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Publication numberUS7279921 B1
Publication typeGrant
Application numberUS 11/148,465
Publication dateOct 9, 2007
Filing dateJun 8, 2005
Priority dateJun 8, 2005
Fee statusPaid
Publication number11148465, 148465, US 7279921 B1, US 7279921B1, US-B1-7279921, US7279921 B1, US7279921B1
InventorsAlin Theodor Iacob
Original AssigneeNational Semiconductor Corporation
Export CitationBiBTeX, EndNote, RefMan
External Links: USPTO, USPTO Assignment, Espacenet
Apparatus and method for testing power and ground pins on a semiconductor integrated circuit
US 7279921 B1
Abstract
To achieve the foregoing, and in accordance with the purpose of the present invention, a method and apparatus for testing individual power and ground pins on a semiconductor integrated circuit are disclosed. The method and apparatus includes organizing the power pins of the die into a first group of power pins and a second group of power pins. Each of the first group of power pins are then connected through a first set of resistors to a first common node, and each of the second group of power pins through a second set of resistors to a second common node respectively. A voltage is next applied between the first and second nodes. The voltage at each of the first group of pins is compared with a first threshold voltage and the voltage at each of the second group of pins is compared with a second threshold voltage. Individual bad pins in the first and second groups are identified based on the comparison.
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Claims(13)
1. A method of individually testing power supply pins on a semiconductor die, comprising:
organizing the power pins of the die into a first group of power pins and a second group of power pins;
connecting each of the first group of power pins through a first set of resistors to a first common node respectively;
connecting each of the second group of power pins through a second set of resistors to a second common node respectively;
applying a voltage between the first and second nodes;
comparing the voltage measured at each of the power pins with a threshold voltage; and
detecting a bad pin among the power pins based on the comparison.
2. The method of claim 1, further comprising providing a positive voltage to the first common node and ground to the second common node.
3. The method of claim 1, wherein the first set of resistors each have a resistive value larger than the resistive value of the first group of power pins respectively.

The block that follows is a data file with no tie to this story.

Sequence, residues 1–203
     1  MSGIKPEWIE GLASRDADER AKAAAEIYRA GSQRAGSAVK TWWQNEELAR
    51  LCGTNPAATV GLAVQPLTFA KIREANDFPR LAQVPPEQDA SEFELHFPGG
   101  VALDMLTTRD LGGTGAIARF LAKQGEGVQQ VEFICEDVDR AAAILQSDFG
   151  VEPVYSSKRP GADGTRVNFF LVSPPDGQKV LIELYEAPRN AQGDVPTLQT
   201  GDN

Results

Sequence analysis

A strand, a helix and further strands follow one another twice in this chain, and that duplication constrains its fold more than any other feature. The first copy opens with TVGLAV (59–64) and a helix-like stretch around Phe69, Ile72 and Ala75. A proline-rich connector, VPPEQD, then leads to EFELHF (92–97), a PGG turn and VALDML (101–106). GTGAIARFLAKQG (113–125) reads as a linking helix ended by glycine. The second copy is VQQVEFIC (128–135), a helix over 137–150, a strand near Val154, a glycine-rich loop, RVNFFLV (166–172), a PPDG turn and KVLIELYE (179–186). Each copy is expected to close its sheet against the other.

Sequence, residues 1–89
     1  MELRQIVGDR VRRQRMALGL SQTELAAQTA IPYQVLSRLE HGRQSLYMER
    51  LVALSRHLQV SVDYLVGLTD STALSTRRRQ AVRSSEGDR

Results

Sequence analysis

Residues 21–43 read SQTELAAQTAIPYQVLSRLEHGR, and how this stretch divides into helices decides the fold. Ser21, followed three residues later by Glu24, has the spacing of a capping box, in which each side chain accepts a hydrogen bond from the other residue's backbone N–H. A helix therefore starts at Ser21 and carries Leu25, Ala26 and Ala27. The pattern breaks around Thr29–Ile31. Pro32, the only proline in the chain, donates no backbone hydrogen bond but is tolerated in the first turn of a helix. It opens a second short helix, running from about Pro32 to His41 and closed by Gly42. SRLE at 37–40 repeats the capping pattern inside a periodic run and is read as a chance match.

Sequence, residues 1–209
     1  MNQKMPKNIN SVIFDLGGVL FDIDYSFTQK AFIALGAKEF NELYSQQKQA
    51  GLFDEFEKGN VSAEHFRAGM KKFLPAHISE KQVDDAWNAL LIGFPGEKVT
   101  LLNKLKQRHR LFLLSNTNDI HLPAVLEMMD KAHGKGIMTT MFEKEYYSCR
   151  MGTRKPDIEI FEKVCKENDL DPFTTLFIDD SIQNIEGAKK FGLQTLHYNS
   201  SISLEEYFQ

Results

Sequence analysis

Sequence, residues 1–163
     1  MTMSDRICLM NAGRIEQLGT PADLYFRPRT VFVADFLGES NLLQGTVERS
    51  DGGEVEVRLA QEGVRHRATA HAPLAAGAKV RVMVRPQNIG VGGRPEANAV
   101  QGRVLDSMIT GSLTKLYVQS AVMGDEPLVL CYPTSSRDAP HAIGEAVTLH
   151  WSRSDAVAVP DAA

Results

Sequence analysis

4. The method of claim 1, wherein the second set of resistors each have a resistive value larger than the resistive value of the second group of power pins respectively.
5. The method of claim 1, wherein comparing the voltage measured at each of the power pins with a threshold voltage and detecting a bad pin among the power pins based on the comparison for the first group of pins further comprises:
electrically connecting the pin in the first group of pins to a first input of a comparator;
electrically coupling a second input of the comparator to the first threshold voltage; and
ascertaining that a wire bond associated with the pin is defective based on the comparison of the voltage on the first pin and the second pin of the comparator.
6. The method of claim 1, wherein comparing the voltage measured at each of the power pins with a threshold voltage and detecting a bad pin among the power pins based on the comparison for the second group of pins further comprises:
electrically connecting the pin in the second group of pins to a first input of a comparator;
electrically coupling a second input of the comparator to the second threshold voltage; and
ascertaining that a wire bond associated with the pin is defective based on the comparison of the voltage on the pin compared to the second threshold voltage.
7. An apparatus for testing the individual power pins on an integrated circuit comprising:
a first plurality of resistors coupled between a first group of power pins and a first node of the test apparatus;
a second plurality of resistors coupled between a second group of power pins and a second node of the test apparatus;
a voltage generator, coupled to the first node and the second node, and configured to apply a voltage across the first node and the second node; and
a plurality of comparators, each coupled to one of the pins and a threshold voltage respectively.